Most insurance companies send a representative out to the auto shop to inspect alleged vehicle damages in person. This can give the company a more accurate representation of the extent of the losses. The insurer may also send private investigators to collect information and learn more about you. Do not be surprised if the insurance company digs through your social media accounts, checks your insurance claim history or Googles you.
One of the most critical parts of a car accident insurance investigation is a review of your medical records. It is important not to sign your name on a blanket medical authorization form. This is a form an insurance company can use to gain access to your full medical history, rather than only looking at the records relevant to your car accident case. The insurer may do this to find pre-existing conditions that could bar you from recovery. Talk to an attorney before signing anything from an insurance company.
Determination and Negotiations
Once the insurance claims adjuster has concluded his or her investigation, the adjuster will submit a recommendation to the insurance company: accept or deny your claim. Acceptance will lead to settlement negotiations with the insurance adjuster. A denial will either be the end of your case or the beginning of a personal injury trial, depending on whether you and your lawyer wish to continue pursuing compensation. Hiring a car accident lawyer from the start of your claim in Omaha can help you protect your rights throughout an insurance investigation.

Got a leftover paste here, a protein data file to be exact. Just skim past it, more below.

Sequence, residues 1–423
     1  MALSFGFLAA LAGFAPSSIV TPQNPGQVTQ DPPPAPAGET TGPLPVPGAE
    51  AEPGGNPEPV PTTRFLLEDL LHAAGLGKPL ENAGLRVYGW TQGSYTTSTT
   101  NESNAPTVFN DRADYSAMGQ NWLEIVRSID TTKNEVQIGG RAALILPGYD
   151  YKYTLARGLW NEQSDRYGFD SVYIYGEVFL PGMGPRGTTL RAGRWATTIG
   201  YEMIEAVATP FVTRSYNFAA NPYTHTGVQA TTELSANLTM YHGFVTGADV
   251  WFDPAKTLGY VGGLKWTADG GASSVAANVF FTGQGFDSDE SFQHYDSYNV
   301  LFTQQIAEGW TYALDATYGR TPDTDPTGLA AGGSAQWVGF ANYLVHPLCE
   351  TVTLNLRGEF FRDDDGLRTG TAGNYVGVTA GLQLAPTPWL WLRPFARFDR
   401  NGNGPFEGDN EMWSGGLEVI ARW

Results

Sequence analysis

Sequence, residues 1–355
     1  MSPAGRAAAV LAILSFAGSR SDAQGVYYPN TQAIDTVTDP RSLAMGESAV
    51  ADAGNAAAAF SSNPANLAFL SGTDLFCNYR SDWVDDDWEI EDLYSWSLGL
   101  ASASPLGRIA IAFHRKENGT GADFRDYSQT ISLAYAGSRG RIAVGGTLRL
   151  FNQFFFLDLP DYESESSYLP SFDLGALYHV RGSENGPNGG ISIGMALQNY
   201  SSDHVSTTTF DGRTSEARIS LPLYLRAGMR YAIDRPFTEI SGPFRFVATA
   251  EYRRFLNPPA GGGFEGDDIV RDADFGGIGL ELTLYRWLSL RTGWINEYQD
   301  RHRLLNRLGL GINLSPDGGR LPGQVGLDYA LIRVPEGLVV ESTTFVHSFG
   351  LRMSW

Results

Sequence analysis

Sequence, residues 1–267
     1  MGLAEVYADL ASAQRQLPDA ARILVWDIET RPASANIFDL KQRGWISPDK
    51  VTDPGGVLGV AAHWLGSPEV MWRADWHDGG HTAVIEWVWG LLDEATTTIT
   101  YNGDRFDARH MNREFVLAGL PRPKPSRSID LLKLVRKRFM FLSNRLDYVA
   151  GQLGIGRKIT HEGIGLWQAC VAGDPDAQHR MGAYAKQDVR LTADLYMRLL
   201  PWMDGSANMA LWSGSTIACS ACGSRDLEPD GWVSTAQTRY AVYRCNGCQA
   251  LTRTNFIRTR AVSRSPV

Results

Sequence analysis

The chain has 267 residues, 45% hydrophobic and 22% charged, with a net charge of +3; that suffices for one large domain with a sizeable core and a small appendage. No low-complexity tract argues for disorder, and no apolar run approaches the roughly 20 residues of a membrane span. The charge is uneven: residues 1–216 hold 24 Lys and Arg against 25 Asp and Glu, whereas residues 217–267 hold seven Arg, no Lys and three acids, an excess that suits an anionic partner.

The recovery process after a car accident can be long and arduous. One of the ways you can make it easier – and improve your chances of obtaining financial compensation – is by gathering essential evidence from the very first day of your crash. Essential evidence is information and proof necessary to establish the other driver’s liability for your wreck, as well as your damages. An Omaha car accident attorney can help you with the evidence collection stage of your injury claim.
Official Records and Reports